Mortgage rate rise stuns the industry Consumers, lenders caught as market fluctuates wildly

October 13, 1998|By Robert Nusgart | Robert Nusgart,SUN STAFF

What a difference a week makes.

On Oct. 5, consumers shopping for a mortgage could find lenders offering 30-year, fixed rates at once unthinkable lows of 6.25 percent to 6.5 percent. Homeowners were rushing to refinance. The Freddie Mac Primary Mortgage Survey of lenders nationwide was at 6.49 percent. That mark hadn't been that low since January 1968.

But as quickly as that window of opportunity opened for historically low rates, it slammed shut with a vengeance as events in financial markets a world away Thursday and Friday drove mortgage rates back over 7 percent.

The lightning turnaround caught many industry observers by surprise and left lenders scrambling to lock in customers' rates.

"I don't remember it happening quite like this. But in 10 years I've never seen four price changes in one day," said Neil Sweren of American Home Loan Inc. and past president of the Maryland Association of Mortgage Brokers. "Every minute we would get a message to ignore the last rate sheet."

Even at Freddie Mac, the mega-supplier of mortgages to lenders, there was amazement.

"As the results of the survey [on Thursday] were being collected, mortgage rates were rising. And by the time we released the figures, they were outdated already," said spokeswoman Eileen Fitzpatrick.

The foreign funds that sought shelter in U.S. Treasury bonds for the past several weeks, driving mortgages to those generational lows, reversed course late last week when there were signs that the Japanese government would move to bolster its ailing financial markets. And that had a domino affect, said Keith Gumbinger, vice president ofHSH Associates, a New Jersey firm that tracks and analyzes mortgage rates.

"It's a combination of things going off at once," Gumbinger said. "The dollar bombed out. The mortgage-backed securities holders dumped some of their holdings, basically because Japan thinks it might have started a bailout.

"To say that people were taken by surprise by this would be mild."

Gumbinger also cited a pair of forecasts from two Wall Street brokerages that "mentioned the recession word and that upset investors who were hedging their positions in the dollar vs. yen markets."

"The dollar had been at very high levels, and investors had been betting that the dollar was going to remain at high levels and the economy was going to remain strong," Gumbinger said. "Those forecasts upset that apple cart. The dollar plunged. As the dollar started to cave, dollar-denominated securities started to sell off and that exacerbated the sell-off that had already occurred from mortgage-backed [securities] and from the Japanese banking plan."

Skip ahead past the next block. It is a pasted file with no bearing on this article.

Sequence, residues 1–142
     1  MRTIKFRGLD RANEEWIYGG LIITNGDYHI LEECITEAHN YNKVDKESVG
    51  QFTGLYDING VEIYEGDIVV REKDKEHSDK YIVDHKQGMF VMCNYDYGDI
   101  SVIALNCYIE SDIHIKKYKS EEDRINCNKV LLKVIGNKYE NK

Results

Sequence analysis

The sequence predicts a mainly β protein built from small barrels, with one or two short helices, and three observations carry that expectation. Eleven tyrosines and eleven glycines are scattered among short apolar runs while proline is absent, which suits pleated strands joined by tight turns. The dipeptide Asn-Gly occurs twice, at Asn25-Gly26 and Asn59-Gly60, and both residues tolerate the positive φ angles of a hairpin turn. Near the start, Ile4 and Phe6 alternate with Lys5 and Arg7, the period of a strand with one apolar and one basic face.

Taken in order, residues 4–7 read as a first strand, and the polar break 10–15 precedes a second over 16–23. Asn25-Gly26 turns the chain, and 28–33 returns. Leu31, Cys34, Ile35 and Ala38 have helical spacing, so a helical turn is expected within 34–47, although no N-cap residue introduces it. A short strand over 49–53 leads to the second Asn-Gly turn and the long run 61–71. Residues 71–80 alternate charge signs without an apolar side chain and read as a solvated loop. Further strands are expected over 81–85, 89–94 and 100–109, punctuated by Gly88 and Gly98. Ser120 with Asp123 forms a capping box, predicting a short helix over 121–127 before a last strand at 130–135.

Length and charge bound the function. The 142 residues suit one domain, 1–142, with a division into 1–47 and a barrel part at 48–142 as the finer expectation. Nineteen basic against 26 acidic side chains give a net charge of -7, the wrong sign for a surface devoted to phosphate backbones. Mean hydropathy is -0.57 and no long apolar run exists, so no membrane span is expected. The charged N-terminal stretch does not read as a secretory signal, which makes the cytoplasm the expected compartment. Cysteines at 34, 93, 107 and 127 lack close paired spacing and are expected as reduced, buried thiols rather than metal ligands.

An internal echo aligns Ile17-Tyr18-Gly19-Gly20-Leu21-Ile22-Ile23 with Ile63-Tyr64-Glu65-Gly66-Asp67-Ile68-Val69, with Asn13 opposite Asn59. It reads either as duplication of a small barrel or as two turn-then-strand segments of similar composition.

Gumbinger said his firm's national survey showed an average 30-year, fixed-rate mortgage at 6.59 percent as late as Wednesday afternoon. By Friday afternoon the average had risen to 7.04 percent.

"That initial sell-off in treasuries hadn't hit the mortgage pricing on the street [Wednesday]," Gumbinger said, "but by Friday afternoon it was a full-fledged rout, nearly a half a percentage point from Thursday to Friday."

"Basically, the market turned so fast that we went from 6.5 percent to 7 1/8 , and we did that within 48 hours," said Tom Champion, manager of the Lutherville branch of Norwest Mortgage. "We made a move upward of a quarter-percent within, probably, 45 minutes to an hour.

"It's one of those things, and you just deal with it," Champion said.

The rise left many of Sweren's customers dazed.

"It was like people didn't believe it," he said, adding that 7 percent is still an exceptional rate. "It's still lower than where they were three months ago."

Gumbinger said the increase likely affected 50 percent of the homeowners who were in the midst of refinancing but failed to lock in a favorable rate and were gambling that rates would go lower.

"The markets caught the [mortgage] market by surprise and people got burned trying to time the bottom of the market," he said.

"Interest rates went down too far, too fast, and that does happen," he said. "Interest rates should be in a given range. Well, the market goes past that range, and then goes back the other way and then settles back.

"However, the market is now sensitized. They are very nervous," Gumbinger said.

But Gumbinger said he expects mortgage rates to stabilize around 6.93 percent at the end of next week.

"The Thursday-Friday sell-off has probably gone a little bit too far. We expect by the end of the week that things will settle down a little bit."

Pub Date: 10/13/98

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